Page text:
Fourmile Creek off Westside road just north of Cherry Creek is open all year with bait allowed. Fishing should be good for brook trout. A few large brown trout occur in the stream.

rainbow trout
Rainbow Trout
-Photo by Roger Smith-

FOURMILE LAKE: rainbow trout, lake trout, kokanee, brook trout

The lake and campground have reopened but the 790 fire is causing this area to be very smoky. Fishing is fair. The lake was stocked during Labor Day weekend with 12 to 14-inch rainbow trout. Brook trout and lake trout are more numerous near the deeper water along the west shoreline and at the north end of the lake. Fishing in the evening is improving for brook trout as water temperatures decline. Brook trout and lake trout will begin to move to shallow water looking for places to spawn.

The boat ramp at Fourmile Lake is unimproved and launching boats might be challenging due to low water levels. The boat ramp is accessible. The lake is currently only 0 percent full. The lake retains dead storage and is still fishable but launching large boats is unlikely. Fourmile Lake levels

Fourmile Lake is very windy in the afternoon therefore angling is best in early morning and evenings. The wind also blows towards the boat ramp making it difficult to place the boat on a trailer. There is an improved campground and numerous trails nearby that lead to other lakes that are stocked. Lakes within a mile of Fourmile Lake that are stocked by helicopter are Squaw, Woodpecker and Badger. Badger Lake is the most productive. Bring your mosquito repellant.

GERBER RESERVOIR: crappie, yellow perch, brown bullhead and largemouth bass

Fishing is very slow. The lake is very low and only 2 percent full, which makes launching boats challenging if possible.

HAINES POND: rainbow

The pond was stocked with legal-sized rainbow trout in the spring. Fishing will slow down with the hot temperatures.

HEART LAKE: rainbow trout, kokanee

No recent reports.

HOLBROOK RESERVOIR: rainbow trout

Bag and size limits have been lifted at the reservoir to enable anglers to harvest rainbow trout before it goes dry. Anglers can also try fishing Lofton Reservoir or Heart Lake.

HWY 203 POND: trout, bass, bluegill

The pond has been stocked several times this spring with legal and trophy-sized rainbow trout. Trout fishing should remain good until the heat of summer sets in.

J.C. BOYLE RESERVOIR (Topsy Reservoir): Largemouth bass, yellow perch, brown bullhead, pumpkinseed, crappie, goldfish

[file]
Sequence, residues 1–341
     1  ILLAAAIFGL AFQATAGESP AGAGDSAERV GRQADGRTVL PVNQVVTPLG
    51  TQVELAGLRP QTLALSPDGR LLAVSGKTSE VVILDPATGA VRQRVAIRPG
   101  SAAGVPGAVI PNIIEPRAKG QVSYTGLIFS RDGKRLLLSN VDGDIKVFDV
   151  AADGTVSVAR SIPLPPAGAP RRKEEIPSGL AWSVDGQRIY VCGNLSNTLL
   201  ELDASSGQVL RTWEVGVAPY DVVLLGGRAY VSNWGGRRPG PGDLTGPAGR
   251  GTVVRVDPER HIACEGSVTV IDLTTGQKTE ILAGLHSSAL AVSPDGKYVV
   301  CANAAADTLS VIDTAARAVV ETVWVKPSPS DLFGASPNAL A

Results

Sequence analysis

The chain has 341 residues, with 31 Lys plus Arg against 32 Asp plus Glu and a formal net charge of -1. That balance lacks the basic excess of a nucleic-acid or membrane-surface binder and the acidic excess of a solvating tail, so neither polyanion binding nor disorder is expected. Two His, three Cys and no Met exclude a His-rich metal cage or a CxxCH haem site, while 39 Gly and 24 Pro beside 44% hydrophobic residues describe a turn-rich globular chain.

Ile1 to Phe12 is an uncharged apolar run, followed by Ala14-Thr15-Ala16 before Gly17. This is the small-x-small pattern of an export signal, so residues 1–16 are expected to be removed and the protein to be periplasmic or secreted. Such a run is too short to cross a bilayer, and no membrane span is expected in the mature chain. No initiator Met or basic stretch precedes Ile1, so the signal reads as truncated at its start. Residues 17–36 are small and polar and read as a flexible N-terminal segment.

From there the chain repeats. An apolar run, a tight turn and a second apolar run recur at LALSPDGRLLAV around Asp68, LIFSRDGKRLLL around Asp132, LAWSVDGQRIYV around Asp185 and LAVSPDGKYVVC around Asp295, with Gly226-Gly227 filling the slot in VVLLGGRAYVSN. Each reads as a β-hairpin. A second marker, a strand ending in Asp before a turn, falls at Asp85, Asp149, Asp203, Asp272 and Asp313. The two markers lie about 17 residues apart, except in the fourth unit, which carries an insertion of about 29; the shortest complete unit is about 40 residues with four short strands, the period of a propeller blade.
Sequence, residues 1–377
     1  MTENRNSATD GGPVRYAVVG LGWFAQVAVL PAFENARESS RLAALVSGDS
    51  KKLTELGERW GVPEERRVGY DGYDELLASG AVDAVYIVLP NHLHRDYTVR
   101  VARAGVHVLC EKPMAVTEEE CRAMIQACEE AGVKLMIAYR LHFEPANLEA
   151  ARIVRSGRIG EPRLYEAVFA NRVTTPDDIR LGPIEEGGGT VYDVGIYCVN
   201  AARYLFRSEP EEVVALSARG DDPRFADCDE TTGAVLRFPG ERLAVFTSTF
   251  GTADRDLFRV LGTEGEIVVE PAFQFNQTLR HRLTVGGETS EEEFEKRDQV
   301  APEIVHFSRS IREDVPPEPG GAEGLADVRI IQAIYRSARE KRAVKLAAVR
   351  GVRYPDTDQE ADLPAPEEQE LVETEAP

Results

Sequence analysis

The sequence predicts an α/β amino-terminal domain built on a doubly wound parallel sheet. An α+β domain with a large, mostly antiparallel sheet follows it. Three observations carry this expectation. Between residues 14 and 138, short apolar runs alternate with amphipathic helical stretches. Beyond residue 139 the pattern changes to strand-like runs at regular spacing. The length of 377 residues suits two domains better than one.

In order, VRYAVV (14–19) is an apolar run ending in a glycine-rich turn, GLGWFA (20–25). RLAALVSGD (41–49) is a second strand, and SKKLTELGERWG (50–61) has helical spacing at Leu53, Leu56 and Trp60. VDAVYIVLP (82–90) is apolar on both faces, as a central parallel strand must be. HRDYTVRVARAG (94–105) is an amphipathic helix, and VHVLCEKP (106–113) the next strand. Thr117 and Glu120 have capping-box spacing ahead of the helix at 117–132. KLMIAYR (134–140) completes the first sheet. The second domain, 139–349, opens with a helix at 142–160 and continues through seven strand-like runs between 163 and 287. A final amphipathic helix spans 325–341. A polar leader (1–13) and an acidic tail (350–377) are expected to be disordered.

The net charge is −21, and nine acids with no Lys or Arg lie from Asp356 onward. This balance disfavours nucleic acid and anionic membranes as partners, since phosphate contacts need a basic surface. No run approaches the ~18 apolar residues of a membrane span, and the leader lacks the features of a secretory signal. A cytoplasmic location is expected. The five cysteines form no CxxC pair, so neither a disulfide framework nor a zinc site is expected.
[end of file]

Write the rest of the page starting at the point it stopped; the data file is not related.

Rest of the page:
Fishing is fair for warmwater fish such as crappie, pumpkinseed sunfish and brown bullhead catfish. Dense aquatic vegetation makes fishing challenging. The reservoir is turbid therefore anglers should try lures with high visibility and scent.

Access is great here with a BLM campground with fishing pier and boat launch. Boats can be launched in several locations in the reservoir. Unimproved ramps occur just north and south of the bridge crossing. No fees are required to launch at these locations. Try the bay just south of the BLM campground for crappie and pumpkinseed. Also try the rocky areas near and under the bridge. Goldfish dominate the fish assemblage in the reservoir. Anglers should mimic the goldfish with bronze or copper lures or plugs to catch largemouth bass in the reservoir.

JUNIPER LAKE: cutthroat trout

The lake is very low (reduced to two small pools). The lake can be accessed on public land off the East Steens Loop Rd. on the SE side. A large portion of the lake is privately owned, as indicated by the fence lines; however, bank access is permitted. Please be respectful of private property.

KLAMATH AND AGENCY LAKES: redband trout and yellow perch

Fishing has been slow. Redband trout have moved into colder water areas of the Williamson River, Pelican Bay and Wood River delta area.

Fishing is generally slow with catch rates averaging 7 hours per redband from boat and 30 hours per redband from the shore. Most fishing takes place from a boat this time of year. The best bet is to fish near areas of colder water. Water temperatures have declined this week to 64 degrees. Water temperatures around 58-60 degrees are ideal for redband trout activity. The lake is 5.2 feet below full pool.